• Grazing management;
  • carabid;
  • leaf-beetle;
  • weevil;
  • Carabidae;
  • Curculionidae;
  • Chrysomelidae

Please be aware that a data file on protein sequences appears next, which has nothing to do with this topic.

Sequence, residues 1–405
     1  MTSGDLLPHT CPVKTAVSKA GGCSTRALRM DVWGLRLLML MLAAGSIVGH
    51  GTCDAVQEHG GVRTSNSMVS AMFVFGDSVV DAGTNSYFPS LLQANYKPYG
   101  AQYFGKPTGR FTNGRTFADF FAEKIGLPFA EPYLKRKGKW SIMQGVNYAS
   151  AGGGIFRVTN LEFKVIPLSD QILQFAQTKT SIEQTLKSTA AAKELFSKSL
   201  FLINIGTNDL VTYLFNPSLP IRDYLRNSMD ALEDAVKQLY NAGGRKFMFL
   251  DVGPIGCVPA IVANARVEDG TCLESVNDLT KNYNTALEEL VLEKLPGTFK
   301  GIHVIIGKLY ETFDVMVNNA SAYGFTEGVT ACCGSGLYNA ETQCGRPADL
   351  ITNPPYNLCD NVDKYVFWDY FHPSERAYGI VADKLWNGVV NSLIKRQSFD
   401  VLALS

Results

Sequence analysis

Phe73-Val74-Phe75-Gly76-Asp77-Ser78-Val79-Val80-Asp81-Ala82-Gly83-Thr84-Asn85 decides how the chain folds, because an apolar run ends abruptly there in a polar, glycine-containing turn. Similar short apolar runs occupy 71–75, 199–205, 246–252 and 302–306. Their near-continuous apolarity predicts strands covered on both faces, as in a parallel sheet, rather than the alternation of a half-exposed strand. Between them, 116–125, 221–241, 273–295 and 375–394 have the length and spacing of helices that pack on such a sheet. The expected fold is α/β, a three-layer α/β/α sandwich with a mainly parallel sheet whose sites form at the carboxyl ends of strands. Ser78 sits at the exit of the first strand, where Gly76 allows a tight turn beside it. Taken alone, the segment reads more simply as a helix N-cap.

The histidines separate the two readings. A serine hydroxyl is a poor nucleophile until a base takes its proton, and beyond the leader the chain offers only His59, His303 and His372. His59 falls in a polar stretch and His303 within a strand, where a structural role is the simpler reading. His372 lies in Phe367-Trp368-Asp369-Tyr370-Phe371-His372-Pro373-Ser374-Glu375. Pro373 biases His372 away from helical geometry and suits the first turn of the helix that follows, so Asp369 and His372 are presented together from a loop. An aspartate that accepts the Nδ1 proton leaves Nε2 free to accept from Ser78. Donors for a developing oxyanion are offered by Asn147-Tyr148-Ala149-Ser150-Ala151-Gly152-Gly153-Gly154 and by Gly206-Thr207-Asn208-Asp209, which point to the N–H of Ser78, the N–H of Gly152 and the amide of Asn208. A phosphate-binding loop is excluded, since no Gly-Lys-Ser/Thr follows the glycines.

We tested the influence of grazing intensity and effect of landscape complexity on grassland specialist and generalist beetles of three beetle families, i.e. Carabidae, Chrysomelidae, and Curculionidae, on extensively and intensively grazed cattle pastures in three regions of the Hungarian Great Plain. In every region we investigated seven pairs of grazed grasslands. On each field, samples were taken along two 95-m-long transects; one transect at the edge and the other one 50 m away from the edge in the grassland interior (altogether 84 transects). Carabids (Carabidae) were sampled using funnel traps for three 2-week sampling periods during spring and early summer. Leaf-beetles (Chrysomelidae) and weevils (Curculionidae) were surveyed by sweep netting in May and June 2003. Analysing the grazing intensity and landscape complexity effects on generalist and specialist beetles with linear mixed models, grazing effect was detected only on specialist leaf-beetle species richness with more species in the extensively grazed sites. Landscape complexity had contrasting effects on specialist and generalist species. Habitat generalists were more and negatively affected by increasing grassland coverage (reduced heterogeneity) than specialists. At species level analyses on four species out of 21, landscape effects were shown, which suggested that landscape composition might have strong effects on the species composition of the beetle assemblages. Our results suggest that conservation of biodiversity in agricultural systems (such as in managed Central European grasslands) requires a landscape perspective besides investigating management effects.